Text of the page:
However, there was a bit of a surprise when it came to what the new iPad line-up now consisted of. Both of those new iPads would be the premium product, while older versions remained on sale. That has been Apple’s MO with iPhones and iPads for years. Yet, while last year’s breakthrough iPad mini made sense to keep in the line-up, the iPad 2 seemed out of place. Why would Apple keep selling this 2.5 year old iPad, one that doesn’t even use the latest Lightning connector?

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Apple’s current iPad line-up

For one, it apparently still sells very well. For many people, the iPad 2 provides everything that a person might need or even want from a tablet. Technophiles may not show any interest in it, but anyone that isn’t tech-savvy who is looking for their first tablet would be more than happy with a new iPad 2.1

Second, by leaving the iPad 2 in the line-up, it gives consumers an option for an iPad that still supports the 30-pin connector and the massive amount of accessories that were created for that connector. But is this a big enough reason for people to buy an iPad 2 when, for $100 more, they can get the new iPad Air?

The iPad 2 was great when it was released. But lacking a Retina display and still using the old 30-pin connector (plus the A5 chip that doesn’t keep quite up to speed with its modern breathren) makes it a poor choice from the current iPad line-up. For identical specs, you can pay $100 less and get the iPad mini. The screen may be smaller, but you’re getting a thinner form factor AND a device with more functionality2 than the older iPad 2.

Add to this the fact that, on Apple’s own website, you can find refurbished 4th generation iPads available for $379. Yes, you can get a newer iPad from Apple’s own website for less than the iPad 2. But if newer models can be purchased for less than $400, why would you want to buy an iPad 2?

Screen Shot 2013-10-25 at 2.22.40 PM
You can get a newer iPad straight from Apple for less than a new iPad 2!

This is why I say you shouldn’t buy an iPad 2. If you have the $399 to spend on it, why not get a newer model? Even the next newest model, the 3rd generation iPad, had a Retina display. While you would still be sporting the larger connector and an older body style compared to the iPad Air, you’d also have a capable tablet with a higher resolution screen.

Even if you don’t buy an iPad 2, however, there’s reason to be happy Apple still sells it. Why is that?

Product Longevity

Don’t you hate buying a product when, months later, it seems like your relatively new purchase is obsolete? Thankfully, while Apple continues to iterate and innovate with hardware, much of the capabilities of their devices come from within the silicon.

iPhone 3G customers may recall a time when their iPhones could not do the now common task of copy-and-paste. Yet, a software update (iOS 3) brought that feature, and others, to their iPhones. They may not have had the latest processor or camera specs, but those iPhone owners were able to get improved use from their devices.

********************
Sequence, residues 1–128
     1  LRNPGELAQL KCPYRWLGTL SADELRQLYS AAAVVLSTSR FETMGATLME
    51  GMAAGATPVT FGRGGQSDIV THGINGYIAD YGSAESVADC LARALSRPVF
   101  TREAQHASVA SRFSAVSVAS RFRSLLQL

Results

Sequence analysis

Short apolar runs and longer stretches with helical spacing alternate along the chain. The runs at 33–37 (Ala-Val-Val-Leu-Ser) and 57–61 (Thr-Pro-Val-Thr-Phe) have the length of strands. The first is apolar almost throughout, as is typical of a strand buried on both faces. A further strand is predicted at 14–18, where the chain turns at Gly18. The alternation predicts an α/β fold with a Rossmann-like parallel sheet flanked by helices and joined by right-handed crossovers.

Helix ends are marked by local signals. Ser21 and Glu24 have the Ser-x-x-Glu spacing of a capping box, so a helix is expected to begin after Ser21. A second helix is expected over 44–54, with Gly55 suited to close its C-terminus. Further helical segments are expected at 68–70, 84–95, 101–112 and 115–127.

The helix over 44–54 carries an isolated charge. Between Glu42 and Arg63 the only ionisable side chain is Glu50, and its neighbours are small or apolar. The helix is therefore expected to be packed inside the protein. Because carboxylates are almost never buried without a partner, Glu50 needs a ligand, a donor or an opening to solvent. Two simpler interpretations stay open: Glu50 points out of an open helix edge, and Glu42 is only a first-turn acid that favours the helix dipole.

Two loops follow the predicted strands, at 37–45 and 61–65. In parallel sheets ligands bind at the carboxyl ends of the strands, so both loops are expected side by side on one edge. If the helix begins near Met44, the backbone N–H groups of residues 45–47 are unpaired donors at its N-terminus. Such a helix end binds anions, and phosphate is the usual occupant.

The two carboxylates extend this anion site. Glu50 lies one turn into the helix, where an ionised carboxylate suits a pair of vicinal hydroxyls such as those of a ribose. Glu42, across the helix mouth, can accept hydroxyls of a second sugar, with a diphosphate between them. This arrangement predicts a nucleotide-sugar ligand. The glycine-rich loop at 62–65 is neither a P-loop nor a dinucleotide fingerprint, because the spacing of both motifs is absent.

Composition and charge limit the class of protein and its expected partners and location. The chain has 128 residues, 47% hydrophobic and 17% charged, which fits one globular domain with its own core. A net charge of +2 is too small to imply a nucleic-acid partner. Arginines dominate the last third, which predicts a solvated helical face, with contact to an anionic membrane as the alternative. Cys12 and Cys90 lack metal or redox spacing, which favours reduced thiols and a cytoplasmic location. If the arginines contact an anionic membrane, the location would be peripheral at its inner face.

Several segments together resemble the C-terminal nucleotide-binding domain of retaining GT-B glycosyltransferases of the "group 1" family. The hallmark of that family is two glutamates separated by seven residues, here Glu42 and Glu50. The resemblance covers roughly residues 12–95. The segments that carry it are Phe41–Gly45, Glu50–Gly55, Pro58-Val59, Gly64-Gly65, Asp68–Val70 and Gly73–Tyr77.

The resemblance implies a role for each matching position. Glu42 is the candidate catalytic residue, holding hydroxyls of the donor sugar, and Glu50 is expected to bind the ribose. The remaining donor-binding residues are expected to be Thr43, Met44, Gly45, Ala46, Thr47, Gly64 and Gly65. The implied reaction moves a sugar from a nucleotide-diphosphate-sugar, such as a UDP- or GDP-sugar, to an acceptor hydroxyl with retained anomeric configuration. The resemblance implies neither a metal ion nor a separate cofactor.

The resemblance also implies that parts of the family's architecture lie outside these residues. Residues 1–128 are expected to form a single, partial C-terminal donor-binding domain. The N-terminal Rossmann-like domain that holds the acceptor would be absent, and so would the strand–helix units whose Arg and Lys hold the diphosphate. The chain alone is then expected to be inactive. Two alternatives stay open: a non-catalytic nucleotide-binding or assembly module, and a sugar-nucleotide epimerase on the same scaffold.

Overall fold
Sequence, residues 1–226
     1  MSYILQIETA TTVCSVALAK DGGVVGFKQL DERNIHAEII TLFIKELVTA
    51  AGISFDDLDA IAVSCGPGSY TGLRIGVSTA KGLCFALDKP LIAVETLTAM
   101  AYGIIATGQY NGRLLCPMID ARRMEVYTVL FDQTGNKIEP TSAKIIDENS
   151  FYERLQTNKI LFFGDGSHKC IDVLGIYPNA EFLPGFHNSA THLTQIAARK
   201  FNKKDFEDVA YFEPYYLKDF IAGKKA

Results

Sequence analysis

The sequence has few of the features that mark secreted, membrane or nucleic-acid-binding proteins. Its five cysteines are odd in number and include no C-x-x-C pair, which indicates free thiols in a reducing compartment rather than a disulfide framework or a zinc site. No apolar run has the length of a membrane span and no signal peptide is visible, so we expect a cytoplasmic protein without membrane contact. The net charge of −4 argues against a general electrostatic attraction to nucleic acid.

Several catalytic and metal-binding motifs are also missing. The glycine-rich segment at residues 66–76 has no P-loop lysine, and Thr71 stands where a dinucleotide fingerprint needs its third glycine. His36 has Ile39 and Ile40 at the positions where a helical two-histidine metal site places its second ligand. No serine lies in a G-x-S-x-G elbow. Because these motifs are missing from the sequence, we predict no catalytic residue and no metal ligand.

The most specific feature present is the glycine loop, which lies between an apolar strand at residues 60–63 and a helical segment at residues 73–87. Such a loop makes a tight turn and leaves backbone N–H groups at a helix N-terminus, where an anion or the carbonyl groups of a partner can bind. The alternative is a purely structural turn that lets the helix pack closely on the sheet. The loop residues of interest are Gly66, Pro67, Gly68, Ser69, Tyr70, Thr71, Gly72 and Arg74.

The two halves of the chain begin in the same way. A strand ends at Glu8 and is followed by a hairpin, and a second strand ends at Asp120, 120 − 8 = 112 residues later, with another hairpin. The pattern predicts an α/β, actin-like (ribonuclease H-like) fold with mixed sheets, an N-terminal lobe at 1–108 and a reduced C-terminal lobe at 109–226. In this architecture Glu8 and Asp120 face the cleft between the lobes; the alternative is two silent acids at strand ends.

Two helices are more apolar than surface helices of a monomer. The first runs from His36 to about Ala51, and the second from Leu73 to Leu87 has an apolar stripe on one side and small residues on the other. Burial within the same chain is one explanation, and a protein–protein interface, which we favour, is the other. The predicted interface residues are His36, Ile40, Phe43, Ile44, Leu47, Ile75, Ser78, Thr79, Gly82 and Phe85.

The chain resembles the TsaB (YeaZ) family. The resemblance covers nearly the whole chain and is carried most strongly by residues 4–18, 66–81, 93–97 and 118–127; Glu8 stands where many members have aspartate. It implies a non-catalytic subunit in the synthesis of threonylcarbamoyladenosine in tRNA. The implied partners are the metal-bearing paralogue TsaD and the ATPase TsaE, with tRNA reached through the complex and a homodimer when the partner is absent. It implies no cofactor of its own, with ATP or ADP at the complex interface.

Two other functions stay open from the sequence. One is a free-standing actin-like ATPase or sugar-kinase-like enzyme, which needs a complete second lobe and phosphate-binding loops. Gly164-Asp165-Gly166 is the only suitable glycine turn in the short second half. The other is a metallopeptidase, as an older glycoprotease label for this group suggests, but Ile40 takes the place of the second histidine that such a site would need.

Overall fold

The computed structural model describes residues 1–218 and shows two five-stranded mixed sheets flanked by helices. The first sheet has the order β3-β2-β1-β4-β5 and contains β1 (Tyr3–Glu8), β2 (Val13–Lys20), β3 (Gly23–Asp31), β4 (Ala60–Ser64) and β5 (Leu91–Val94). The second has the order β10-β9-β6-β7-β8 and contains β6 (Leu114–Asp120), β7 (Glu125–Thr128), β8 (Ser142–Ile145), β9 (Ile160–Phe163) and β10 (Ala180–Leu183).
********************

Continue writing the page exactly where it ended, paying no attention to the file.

Similarly, Apple has a fairly good track record of supporting older iOS devices. And each time Apple continues to sell an older generation model,3 they also permit the latest iOS software to run on it, albeit with some features likely not supported.4 When the iPhone 4S launched, iOS 5 was also released. The iPhone 3GS, still being sold at the time, was able to get that software update. Neither it nor the iPhone 4 had the ability to use Siri. Yet, each phone still found extended use by its owners.5 Likewise, when iOS 7 was announced this past June, Apple was still selling the iPhone 4. iOS 7 was installable on those older devices, even though Apple removed them from their line up at their iPhone event in September.

The iPad 2 may not be the wisest choice for buying a new iPad. Yet, the fact that Apple is still selling it means that, quite likely, unless new iPads are announced in the spring, the iPad 2 could possibly support iOS 8. Even if it doesn’t, there’s a good chance the third generation iPads and newer will support it. And as iPad and iPhone hardware matures, it’s likely we’ll see more and more generations of iOS devices supporting newer versions of IOS. They may not have the hardware to support all of the latest features6, but they’ll remain up to date nonetheless.

But for any iOS device owners who have purchased an iPhone or iPad in the past 2 years, you’ll be okay using your device for at least another year with updates galore. If Apple will support a device from March 2011, yours should be supported, too.


  1. iPad 2 owners may feel differently when comparing their tablet performance on iOS 7 versus what they used to have on iOS 6, but new customers undoubtedly wouldn’t notice.  

  2. iOS 7 on the iPad mini supports Airdrop, for example, though on the iPad 2 it does not.